We might as well note here that bottom sediment studies are important for learning a succession of events and conditions responsible for the arctic paleoclimate: the run-off of big rivers like the Lena, Khatanga, Anabar, Olenek and the Yana impacted glacial, sedimental, biological and other processes. For this reason further

 

* Palynology (palynologia,--Gr. palýno--broadcast, asperse)--a branch of botany studying plant pollen and spores, their morphology, growth and dissemination.--Ed.

 
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explorations--taking in northern Yakutia, too--may help elucidate certain singularities of the present natural environment and climate of these vast expanses.

 

Yakutia, for one, is known for its extracontinental climate: the temperature differential between winter and summer seasons may be as high as 100 degrees on the centigrade scale. At Oimyakon and Verkhoyansk, the "pole of cold" in the Northern Hemisphere, the mercury may drop to minus 70 Celsius. But it may be very hot in summer. Such temperature differences are a unique phenomenon. The permafrost layer in some of Yakutia's regions may be as deep as 1,000 meters. The land next to the Laptev Sea is a hillocky tundra plain crisscrossed by sedge and cotton-grass bogs.*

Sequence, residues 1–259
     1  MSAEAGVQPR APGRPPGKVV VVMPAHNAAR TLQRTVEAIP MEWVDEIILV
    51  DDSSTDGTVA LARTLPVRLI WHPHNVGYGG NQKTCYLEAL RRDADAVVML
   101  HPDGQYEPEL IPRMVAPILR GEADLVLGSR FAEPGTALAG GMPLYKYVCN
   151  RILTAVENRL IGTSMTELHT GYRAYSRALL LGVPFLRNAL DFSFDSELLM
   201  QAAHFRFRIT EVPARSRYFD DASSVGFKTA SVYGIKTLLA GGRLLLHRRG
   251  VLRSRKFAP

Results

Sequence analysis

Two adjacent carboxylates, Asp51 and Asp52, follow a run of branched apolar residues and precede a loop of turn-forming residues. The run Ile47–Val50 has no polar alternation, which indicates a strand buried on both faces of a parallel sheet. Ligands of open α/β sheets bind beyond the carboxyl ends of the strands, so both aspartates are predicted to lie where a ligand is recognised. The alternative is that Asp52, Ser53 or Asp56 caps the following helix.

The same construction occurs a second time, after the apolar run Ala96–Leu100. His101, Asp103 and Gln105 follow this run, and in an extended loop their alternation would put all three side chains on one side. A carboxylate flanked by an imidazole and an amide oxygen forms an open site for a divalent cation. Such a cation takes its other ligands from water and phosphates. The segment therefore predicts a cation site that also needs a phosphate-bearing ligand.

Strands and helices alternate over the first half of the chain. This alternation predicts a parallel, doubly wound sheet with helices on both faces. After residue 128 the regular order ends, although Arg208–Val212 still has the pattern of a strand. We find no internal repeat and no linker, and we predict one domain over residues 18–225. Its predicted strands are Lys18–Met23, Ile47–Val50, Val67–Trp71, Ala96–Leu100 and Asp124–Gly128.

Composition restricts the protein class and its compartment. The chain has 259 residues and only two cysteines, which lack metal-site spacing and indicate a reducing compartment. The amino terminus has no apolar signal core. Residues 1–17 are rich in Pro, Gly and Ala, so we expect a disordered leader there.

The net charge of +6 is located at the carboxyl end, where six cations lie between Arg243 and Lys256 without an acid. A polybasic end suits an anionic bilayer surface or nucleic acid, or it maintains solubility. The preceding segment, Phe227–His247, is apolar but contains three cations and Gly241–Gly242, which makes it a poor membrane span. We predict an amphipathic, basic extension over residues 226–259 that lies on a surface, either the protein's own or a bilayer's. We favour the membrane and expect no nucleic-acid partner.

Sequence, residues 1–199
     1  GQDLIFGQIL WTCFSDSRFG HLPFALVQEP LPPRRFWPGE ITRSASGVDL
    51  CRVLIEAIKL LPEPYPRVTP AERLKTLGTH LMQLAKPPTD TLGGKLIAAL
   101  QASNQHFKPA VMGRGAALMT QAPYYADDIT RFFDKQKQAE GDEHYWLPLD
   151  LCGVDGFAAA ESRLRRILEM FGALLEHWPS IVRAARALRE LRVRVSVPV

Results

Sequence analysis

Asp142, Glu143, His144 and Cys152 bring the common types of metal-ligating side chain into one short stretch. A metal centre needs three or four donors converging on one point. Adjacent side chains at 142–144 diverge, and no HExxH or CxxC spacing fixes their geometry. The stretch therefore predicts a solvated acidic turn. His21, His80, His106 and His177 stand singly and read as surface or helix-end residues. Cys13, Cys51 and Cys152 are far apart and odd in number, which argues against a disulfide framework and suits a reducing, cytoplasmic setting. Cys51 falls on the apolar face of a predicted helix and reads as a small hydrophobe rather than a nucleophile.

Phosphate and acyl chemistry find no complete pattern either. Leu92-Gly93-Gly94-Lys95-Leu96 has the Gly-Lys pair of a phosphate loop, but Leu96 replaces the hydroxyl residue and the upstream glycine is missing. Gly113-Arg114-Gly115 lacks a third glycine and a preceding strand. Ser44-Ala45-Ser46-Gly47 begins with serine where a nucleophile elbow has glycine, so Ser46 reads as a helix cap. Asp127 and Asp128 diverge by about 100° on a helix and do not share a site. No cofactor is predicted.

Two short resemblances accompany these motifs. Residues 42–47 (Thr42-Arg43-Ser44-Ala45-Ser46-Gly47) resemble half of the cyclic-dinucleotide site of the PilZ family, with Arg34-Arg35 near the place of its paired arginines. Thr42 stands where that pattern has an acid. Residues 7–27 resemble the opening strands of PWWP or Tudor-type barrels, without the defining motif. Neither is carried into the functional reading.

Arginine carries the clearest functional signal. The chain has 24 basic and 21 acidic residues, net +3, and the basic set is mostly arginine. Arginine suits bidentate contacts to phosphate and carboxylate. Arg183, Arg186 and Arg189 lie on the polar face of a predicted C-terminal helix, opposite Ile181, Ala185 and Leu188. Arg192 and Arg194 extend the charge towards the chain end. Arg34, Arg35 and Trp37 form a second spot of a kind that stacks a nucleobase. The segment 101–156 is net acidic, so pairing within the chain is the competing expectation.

The Lena is the biggest river flowing into the Laptev Sea. Its delta is most impressive. Its mouth is an endless succession of swamps in the shape of regular polygons. The southeast of the estuary has moss- and lichen-overgrown cliffs here and there, some up to 250 meters high. The delta proper is rich in fertile, generous soil on which many plants grow. Each year they are succeeded by other plants of the same kind due to the sagging of suspended material brought in by freshets. The plant remains and deposits of floated timber on the bottom are a rich source of organic carbon.

 

RECONSTRUCTION METHOD

 

Continuous weather observations and all-round study of paleoclimates, including those of the Holocene**, are

 

See: G. Rusanova, "Bolshezemelskaya Tundra (Cold Desert): Flashback", Science in Russia, No. 1, 2007.--Ed.